Custom-molded orthotics are the best as they are prescriptions and custom-molded to your individual feet -- much like the difference between getting prescription glasses as opposed to 'cheaters'. However, if custom-molded orthotics are not covered by your insurance and you are on a budget -- the Footsteps or the Powersteps are good alternatives to custom-molded orthotics. 

Tully's Heel Cups
(You can place these on top of your current orthotics or the custom-molded orthotics for more heel cushioning)

This is my favorite heel cup. It takes up a bit more room in the shoe, but it provides excellent heel cushioning and shock absorption. You can purchase these in stores and online. 

Golden Rule:
If your foot is not significantly improving quickly with these shoe changes -- follow up with your local podiatrist for x-rays and evaluation to make sure there is not something more serious going on. If it is plantar fasciitis, there are many non-surgical, conservative and gentle treatments that will resolve the heel pain. In my opinion, heel pain can be resolved without surgery or injections 99.9% of the time. Once the heel pain resolves (no matter what treatment type you use) -- if you do not wear protective shoe gear, you have a very high chance of the heel pain re-occuring because, typically, there is an underlying foot type, biomechanical structure or issue that makes you prone to getting heel pain.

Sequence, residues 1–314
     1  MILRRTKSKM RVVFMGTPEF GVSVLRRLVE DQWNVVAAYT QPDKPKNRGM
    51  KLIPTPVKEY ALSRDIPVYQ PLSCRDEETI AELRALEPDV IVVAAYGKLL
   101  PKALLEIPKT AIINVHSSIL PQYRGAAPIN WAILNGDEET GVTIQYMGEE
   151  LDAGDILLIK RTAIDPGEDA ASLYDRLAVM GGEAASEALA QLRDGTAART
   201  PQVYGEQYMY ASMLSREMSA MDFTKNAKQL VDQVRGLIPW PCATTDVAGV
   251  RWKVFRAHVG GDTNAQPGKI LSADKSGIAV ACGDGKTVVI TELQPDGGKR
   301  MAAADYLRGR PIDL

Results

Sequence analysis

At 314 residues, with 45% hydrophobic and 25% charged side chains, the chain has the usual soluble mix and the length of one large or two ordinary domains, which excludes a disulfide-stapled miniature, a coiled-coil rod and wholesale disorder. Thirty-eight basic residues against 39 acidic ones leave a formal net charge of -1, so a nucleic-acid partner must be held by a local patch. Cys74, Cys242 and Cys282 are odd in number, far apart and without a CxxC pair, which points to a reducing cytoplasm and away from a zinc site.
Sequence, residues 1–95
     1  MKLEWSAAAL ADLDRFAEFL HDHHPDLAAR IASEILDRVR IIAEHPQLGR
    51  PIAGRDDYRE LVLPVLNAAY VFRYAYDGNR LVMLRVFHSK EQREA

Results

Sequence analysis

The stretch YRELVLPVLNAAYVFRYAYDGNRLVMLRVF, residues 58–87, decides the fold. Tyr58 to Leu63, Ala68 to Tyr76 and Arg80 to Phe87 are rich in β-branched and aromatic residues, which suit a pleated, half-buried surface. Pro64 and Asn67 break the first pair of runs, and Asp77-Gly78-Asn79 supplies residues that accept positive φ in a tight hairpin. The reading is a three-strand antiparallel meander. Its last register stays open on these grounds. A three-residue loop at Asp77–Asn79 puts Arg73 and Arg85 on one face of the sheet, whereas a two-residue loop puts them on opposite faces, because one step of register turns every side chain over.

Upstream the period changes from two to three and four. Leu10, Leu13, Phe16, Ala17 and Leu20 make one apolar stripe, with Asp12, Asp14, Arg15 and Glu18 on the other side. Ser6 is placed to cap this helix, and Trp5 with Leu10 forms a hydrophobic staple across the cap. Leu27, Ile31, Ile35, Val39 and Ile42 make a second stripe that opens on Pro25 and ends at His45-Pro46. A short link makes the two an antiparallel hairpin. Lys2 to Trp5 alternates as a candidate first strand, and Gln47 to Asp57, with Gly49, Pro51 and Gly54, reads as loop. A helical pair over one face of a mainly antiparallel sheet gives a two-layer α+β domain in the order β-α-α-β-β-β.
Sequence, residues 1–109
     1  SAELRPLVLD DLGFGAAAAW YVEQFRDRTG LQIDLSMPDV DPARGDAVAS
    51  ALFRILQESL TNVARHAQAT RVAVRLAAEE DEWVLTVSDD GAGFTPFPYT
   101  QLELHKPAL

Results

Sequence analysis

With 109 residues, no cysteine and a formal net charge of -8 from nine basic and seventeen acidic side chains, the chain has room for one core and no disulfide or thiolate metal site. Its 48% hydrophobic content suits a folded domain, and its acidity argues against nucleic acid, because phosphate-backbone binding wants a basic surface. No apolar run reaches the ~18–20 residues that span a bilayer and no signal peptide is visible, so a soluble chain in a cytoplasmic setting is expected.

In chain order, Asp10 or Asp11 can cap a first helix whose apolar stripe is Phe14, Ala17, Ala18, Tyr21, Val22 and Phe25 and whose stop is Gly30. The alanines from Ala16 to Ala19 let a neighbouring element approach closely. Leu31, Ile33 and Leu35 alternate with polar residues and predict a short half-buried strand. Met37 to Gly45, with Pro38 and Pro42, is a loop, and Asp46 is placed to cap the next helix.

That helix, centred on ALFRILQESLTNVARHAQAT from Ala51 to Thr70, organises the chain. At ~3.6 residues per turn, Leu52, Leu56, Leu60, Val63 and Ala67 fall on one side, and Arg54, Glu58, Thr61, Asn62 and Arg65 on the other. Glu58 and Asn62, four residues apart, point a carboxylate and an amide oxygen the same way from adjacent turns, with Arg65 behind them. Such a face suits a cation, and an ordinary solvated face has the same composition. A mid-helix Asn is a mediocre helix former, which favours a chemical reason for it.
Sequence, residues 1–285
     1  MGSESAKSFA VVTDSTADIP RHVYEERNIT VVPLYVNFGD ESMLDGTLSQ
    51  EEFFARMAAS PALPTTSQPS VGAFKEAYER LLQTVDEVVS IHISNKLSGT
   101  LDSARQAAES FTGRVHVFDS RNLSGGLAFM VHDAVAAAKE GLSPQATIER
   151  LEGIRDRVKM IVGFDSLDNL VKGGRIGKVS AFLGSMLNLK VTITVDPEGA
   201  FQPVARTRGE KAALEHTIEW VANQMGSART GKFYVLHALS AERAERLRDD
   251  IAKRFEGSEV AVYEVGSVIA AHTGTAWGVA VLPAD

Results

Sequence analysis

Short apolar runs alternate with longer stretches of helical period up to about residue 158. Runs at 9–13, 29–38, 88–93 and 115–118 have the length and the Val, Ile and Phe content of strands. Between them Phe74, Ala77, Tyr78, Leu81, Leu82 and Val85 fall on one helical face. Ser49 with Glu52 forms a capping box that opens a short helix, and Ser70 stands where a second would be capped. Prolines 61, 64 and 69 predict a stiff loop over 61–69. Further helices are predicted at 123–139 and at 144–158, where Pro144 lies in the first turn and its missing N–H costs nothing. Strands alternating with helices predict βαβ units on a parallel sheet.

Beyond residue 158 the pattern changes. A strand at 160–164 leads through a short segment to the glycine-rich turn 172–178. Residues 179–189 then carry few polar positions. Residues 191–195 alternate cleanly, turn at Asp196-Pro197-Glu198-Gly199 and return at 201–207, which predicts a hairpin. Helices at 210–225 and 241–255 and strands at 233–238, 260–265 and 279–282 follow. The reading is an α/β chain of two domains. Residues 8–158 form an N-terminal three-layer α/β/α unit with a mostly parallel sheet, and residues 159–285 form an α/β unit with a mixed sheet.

I hope that was helpful! 

Dr. Cathleen A McCarthy


Check out my latest novel - available in paperback, on Kindle and as an Audiobook on Audible.com and iTunes. 

Saturday, October 17, 2015

Comfortable Platform Wedge Heels - American Rag

American Rag 
Kenna Platform Wedge Pumps

This wedge heel is not for every foot type, but it may be a good choice for anyone who can tolerate this height heel and who does not have narrow heels. If your heels are narrow then they will have a tendency to slip upward and out the back of this shoe, which will be uncomfortable and could cause skin irritation and even a possible injury. 

What makes these heels better than most is that they have a thick, rigid and non-flexible wedge sole. The rigid wedge sole eliminates motion through the forefoot area, which will cause less stress and injury to forefoot joints and be far more comfortable than wearing heels with a flimsy or flexible sole. A thicker wedge sole will protect your forefoot from the constant, repetitive microtrauma of walking on concrete surfaces. It's your feet versus a lifetime of damage from walking on unforgiving concrete surfaces, so the more protection you give your feet now, the longer they will last.